Glutamate acetylation, a confirmed rate-limiting step for further improvement of ʟ-ornithine production in engineered C. glutamicum SO1, is the first reaction in the ʟ-ornithine pathway that uses acetyl-CoA as second substrate next to glutamate. We speculated that insufficient acetyl-CoA supplementation hindered the biosynthesis of ʟ-ornithine in these strains. To spare acetyl-CoA for ʟ-ornithine biosynthesis, we considered acetic acid biosynthesis that consumes acetyl-CoA and consists of two synthetic branches catalyzed by the products of pta and ack, or cat. Therefore, we attenuated these two acetate synthetic branches by insertion of a terminator, which was used to attenuate the expression of proB and ncgl2228 in previous work, in the upstream region of these genes, thus generating strains SO5 and SO6. Considering that pta and ack are listed as an operon, ack expression will also be attenuated by inserting a terminator in the upstream region of pta. The performance of these two strains was evaluated by shake flask fermentation. As shown in Fig. 3a, b, the expression of pta and ack in the mutant strain SO5 and the relative mRNA level of cat in the engineered strain SO6 was significantly reduced compared with that in the parental strain SO1. In addition, the yield of acetic acid produced by strain SO5 and SO6 were also reduced approximately 2.5-fold than strain SO1 (Table 2). This indicated that insertion of a terminator upstream of pta and cat was an efficient strategy to downregulate their expression. Strain SO5 and SO6 produced 25.1 and 26 g/L of ʟ-ornithine, which was 5.5 and 9.1% higher than that of the control strain SO1 (23.8 g/L) (Fig. 3c). Results obtained per 12 h represent a significant improvement of ʟ-ornithine synthesis compared with that of the control strain. Despite altered acetate biosynthesis, the engineered strains SO5 and SO6 grow robustly in the fermentation medium, maintaining a stable rate of glucose consumption (Fig. 3d). These results indicate that attenuating the expression of genes involved in acetate biosynthesis is a viable strategy for improving ʟ-ornithine accumulation.
Fig. 3
Fig. 3

Blocking acetate biosynthesis by inserting a terminator into the upstream region of pta and cat, and its effect on ʟ-ornithine production. a Relative pta and ack mRNA levels in SO1 and SO5 (SO1 carrying modulation in pta). Samples at the 12 h time point were subjected to transcript analysis during fermentation cultivation. b Relative cat mRNA levels in SO1 and SO6 (SO1 carrying modulation in cat). c ʟ-Ornithine production by the engineered strains SO1, SO5, and SO6. d Cell growth and glucose consumption. Samples were collected per 12 h for determining the fermentation parameters. Results of standard deviations present in three individual experiments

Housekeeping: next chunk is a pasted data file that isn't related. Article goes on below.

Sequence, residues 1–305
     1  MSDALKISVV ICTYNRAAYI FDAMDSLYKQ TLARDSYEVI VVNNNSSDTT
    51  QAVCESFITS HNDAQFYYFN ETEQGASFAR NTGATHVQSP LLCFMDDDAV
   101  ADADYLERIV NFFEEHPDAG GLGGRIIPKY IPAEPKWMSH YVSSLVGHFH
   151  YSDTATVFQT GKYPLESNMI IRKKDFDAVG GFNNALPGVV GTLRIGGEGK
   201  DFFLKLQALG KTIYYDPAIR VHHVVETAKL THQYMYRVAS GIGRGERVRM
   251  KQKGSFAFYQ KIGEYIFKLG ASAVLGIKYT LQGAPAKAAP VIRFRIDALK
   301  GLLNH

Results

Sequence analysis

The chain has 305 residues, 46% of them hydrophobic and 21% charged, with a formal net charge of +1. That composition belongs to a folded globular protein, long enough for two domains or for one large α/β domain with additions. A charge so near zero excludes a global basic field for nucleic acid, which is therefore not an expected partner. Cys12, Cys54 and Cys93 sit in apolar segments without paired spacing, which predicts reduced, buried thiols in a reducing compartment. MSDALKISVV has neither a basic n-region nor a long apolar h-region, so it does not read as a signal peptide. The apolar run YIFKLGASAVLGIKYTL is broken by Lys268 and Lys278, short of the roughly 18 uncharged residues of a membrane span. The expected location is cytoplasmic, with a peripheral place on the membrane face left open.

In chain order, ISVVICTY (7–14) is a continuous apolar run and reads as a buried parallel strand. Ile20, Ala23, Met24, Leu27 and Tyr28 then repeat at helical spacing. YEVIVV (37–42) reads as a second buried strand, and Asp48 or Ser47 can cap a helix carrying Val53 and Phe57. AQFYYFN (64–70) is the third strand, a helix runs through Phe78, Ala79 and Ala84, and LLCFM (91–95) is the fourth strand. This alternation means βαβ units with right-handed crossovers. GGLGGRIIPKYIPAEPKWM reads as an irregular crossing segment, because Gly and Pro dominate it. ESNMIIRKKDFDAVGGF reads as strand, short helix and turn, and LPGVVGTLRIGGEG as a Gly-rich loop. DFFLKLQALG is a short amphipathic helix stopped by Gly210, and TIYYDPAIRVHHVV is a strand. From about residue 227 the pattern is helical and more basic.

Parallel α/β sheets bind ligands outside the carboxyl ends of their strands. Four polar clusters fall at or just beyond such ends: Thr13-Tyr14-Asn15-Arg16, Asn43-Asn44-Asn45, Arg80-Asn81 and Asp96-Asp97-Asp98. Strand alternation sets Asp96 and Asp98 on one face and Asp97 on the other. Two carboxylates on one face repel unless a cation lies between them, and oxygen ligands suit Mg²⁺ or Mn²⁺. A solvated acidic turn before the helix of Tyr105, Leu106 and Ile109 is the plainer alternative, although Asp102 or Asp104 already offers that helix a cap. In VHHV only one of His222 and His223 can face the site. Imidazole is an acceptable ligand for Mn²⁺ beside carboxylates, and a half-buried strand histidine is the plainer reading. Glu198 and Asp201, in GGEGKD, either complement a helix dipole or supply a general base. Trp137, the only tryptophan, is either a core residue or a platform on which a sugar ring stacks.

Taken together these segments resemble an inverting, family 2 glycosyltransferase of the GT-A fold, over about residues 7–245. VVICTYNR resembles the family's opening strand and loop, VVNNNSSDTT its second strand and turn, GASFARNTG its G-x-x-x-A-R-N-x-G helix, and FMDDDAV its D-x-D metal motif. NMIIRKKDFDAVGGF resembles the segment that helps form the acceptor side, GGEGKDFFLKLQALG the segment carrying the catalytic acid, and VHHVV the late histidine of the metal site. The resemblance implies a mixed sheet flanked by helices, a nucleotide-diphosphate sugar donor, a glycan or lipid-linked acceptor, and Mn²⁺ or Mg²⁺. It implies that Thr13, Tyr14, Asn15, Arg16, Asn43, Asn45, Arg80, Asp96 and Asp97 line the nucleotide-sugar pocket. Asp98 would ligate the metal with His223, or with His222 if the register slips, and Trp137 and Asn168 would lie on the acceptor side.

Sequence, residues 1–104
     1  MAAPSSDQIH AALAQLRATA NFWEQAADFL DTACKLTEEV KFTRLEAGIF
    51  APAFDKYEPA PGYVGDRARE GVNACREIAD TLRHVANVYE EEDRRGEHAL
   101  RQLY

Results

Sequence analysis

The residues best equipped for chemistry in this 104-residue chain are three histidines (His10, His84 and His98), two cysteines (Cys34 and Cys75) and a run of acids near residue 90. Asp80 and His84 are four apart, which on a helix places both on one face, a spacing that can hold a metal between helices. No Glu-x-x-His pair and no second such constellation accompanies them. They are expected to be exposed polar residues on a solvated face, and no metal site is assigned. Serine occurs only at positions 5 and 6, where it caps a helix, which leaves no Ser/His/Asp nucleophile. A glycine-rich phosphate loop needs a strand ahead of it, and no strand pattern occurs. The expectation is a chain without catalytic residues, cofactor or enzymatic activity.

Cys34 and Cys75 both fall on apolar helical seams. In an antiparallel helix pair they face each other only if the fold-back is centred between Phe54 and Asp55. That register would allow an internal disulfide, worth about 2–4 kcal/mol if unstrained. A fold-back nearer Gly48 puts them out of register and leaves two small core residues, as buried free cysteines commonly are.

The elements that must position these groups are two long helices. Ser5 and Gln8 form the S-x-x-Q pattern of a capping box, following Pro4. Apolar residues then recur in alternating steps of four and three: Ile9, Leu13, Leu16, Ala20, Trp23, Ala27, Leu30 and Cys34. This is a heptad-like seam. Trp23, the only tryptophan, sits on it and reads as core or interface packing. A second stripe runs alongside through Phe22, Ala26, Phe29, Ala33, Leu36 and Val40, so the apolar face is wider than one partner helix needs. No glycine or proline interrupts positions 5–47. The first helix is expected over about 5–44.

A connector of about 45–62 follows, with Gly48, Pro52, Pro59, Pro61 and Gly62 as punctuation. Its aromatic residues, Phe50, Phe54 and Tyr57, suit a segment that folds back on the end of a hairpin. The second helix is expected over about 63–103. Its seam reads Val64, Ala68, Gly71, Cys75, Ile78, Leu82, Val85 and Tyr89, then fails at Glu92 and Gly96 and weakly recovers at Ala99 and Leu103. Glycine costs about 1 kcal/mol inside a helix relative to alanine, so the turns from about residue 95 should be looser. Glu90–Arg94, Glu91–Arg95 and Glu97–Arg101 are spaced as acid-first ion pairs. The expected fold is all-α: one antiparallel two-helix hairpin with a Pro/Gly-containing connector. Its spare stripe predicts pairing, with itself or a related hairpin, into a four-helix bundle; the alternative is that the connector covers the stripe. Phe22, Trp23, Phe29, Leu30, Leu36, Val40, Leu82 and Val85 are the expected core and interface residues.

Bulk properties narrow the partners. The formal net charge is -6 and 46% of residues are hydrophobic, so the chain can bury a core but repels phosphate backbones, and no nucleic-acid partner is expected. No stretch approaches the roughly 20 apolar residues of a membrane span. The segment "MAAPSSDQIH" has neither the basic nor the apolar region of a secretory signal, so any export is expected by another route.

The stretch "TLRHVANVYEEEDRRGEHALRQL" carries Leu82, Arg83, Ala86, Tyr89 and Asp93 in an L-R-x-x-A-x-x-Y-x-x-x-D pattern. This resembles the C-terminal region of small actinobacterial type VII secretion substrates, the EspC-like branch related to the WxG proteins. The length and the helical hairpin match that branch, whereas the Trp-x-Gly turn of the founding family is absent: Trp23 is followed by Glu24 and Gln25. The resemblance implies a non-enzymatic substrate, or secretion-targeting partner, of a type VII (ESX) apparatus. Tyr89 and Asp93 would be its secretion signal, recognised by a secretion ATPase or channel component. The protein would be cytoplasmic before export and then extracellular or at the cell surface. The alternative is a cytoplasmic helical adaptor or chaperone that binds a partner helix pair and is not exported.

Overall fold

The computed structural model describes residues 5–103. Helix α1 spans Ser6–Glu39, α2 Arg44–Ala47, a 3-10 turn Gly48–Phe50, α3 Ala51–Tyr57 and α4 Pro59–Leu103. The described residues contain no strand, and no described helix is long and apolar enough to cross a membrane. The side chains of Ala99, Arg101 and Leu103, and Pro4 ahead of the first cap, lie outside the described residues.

Effect of overexpressing enzymes of the glycolytic pathway on ʟ-ornithine production

As previously demonstrated, plasmid-based overexpression of gap encoding NAD-dependent glyceraldehyde-3-phosphate dehydrogenase, pfkA encoding 6-phosphofructokinase, and pyk encoding pyruvate kinase was able to improve ʟ-ornithine production in the engineered C. glutamicum ATCC 13032 strain [22]. Therefore, to examine if enhancing the expression of these genes in strain SO1 could further improve ʟ-ornithine production, we inserted a strong P eftu promoter into the upstream region of pfkA, gap, and pyk in strain SO1, to construct strains SO7, SO8, and SO9, respectively. After cultivation in the fermentation media for about 72 h, strains SO7, SO8, and SO9 produced 26.5, 22.8, and 21.5 g/L of ʟ-ornithine (Fig. 4a). The yield of ʟ-ornithine produced by strain SO7 with pfkA overexpression was 11.2% higher than that of the parental strain SO1. Strain SO8 with gap overexpression produced the same amount of ʟ-ornithine as that of the parent strain SO1. The yield of ʟ-ornithine produced by strain SO9 with P eftu inserted in front of pyk was decreased by 9.7% compared to strain SO1. The growth of strain SO8 and SO9 was slower than that of the engineered strains SO1 and SO7. Glucose consumption by strain SO7 was slightly faster than that by strains SO1, SO8, and SO9. Taken together, those results suggest that modulation of pfkA promotes ʟ-ornithine accumulation in engineered C. glutamicum S9114.